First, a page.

Saudi Arabia to cut reliance on foreign workers

Finance Minister says Kingdom has made 'substantial progress' in training and absorbing Saudi professionals and workers in different sectors

"The Kingdom will now be more selective in hiring foreign workers," Finance Minister Ibrahim Al-Assaf.
"The Kingdom will now be more selective in hiring foreign workers," Finance Minister Ibrahim Al-Assaf.

Saudi Arabia has announced plans to reduce its reliance on foreign workers by recruiting only technical workers and monitoring investments closely, according to Arab News.

"The Kingdom will now be more selective in hiring foreign workers," Finance Minister Ibrahim Al-Assaf, said, while giving highlights of the annual budget announced by King Salman bin Abdulaziz, Custodian of the Two Holy Mosques on Monday.

Al-Assaf said that the Kingdom had made substantial progress in training and absorbing qualified Saudi professionals and workers in different sectors.

"Hence, the plan to reduce its reliance on overseas workers is quite logical," he said, while pledging to facilitate implementation and completion all ‘projects in the pipeline like Riyadh Metro and other mega transport projects’.

To this end, he said that the government has announced several measures to meet the financial shortfall caused by the declining oil prices.

Al-Assaf also allayed fears of expatriates and rejected rumors, saying that the Kingdom has no plans to introduce individual income tax in the country. “There is no intention and no plans to impose taxes on the income of expatriates,” he assured.

The Kingdom is home for over 10mn foreign workers.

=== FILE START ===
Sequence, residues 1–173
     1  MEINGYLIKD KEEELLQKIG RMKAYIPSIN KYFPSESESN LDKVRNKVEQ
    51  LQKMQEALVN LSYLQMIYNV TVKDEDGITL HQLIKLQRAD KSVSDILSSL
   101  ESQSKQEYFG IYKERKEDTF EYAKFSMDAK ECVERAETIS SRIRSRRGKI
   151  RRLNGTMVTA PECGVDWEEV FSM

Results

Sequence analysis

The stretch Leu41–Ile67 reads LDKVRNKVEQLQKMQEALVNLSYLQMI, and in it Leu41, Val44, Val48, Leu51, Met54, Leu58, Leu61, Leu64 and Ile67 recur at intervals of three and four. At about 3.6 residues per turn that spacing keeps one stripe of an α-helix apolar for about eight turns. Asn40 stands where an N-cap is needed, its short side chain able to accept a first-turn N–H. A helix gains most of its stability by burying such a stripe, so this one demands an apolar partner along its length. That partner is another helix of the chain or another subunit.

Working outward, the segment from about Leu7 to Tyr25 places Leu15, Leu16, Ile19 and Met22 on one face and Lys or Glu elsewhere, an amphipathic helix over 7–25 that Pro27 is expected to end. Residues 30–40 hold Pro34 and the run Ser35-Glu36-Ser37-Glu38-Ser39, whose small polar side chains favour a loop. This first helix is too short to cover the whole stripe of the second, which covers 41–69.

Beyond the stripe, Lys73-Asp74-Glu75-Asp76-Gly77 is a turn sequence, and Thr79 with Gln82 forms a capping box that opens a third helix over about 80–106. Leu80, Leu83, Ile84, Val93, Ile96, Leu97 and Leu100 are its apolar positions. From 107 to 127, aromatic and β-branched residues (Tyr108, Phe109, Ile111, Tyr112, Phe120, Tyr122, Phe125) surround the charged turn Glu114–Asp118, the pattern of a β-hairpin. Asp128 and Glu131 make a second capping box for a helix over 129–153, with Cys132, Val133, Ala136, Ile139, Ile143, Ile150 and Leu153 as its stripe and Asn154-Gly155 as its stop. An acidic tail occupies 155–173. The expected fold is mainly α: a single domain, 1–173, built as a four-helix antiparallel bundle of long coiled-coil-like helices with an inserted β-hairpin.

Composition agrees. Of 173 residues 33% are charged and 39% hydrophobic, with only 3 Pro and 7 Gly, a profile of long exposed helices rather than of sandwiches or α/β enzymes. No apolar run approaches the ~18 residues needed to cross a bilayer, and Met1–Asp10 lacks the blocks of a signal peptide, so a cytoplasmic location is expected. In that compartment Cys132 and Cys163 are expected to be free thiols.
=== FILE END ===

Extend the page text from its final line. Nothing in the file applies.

Countries including India, Pakistan, Indonesia, the Philippines, Sri Lanka, Bangladesh and a few African countries are major suppliers of workforce to the Kingdom. More than 125,000 US, UK and Western expatriates also live and work there.

Saudi Arabia is considering major changes to its high spending, low tax regime after the plunge in world oil prices saw it post a record budget deficit of $98bn.

The Kingdom exports about 7mn barrels of oil a day and those revenues make up around 90% of the government's fiscal revenues, and about 40% of the country's overall GDP.

Prince Abdulaziz bin Salman, Vice Minister of petroleum and mineral resources, recently said that ‘around $200bn of investments in energy have been cancelled this year, with energy companies planning to cut another three to eight percent from their investments next year’.

In a report published recently, the prince said, "This is the first time since the mid-1980s that the oil and gas industry will have cut investment in two consecutive years."

Saudi Arabia does not collect income taxes from foreigners. But, Monday's statement released by the Ministry of Finance suggests that the finance ministry realises that this cannot go on forever.

The statement says the ministry will review current levels of fees and fines, introduce new fees, and complete ‘the necessary arrangements for the application of the value added tax (VAT)... in addition to... additional fees on harmful goods such as tobacco, soft drinks and the likes’.

Another significant category of reforms mentioned in the document is a review of subsidies, including ‘revision of energy, water, and electricity prices gradually over the next five years, in order to achieve efficiency in energy use, conserve natural resources, stop waste and irrational use’.


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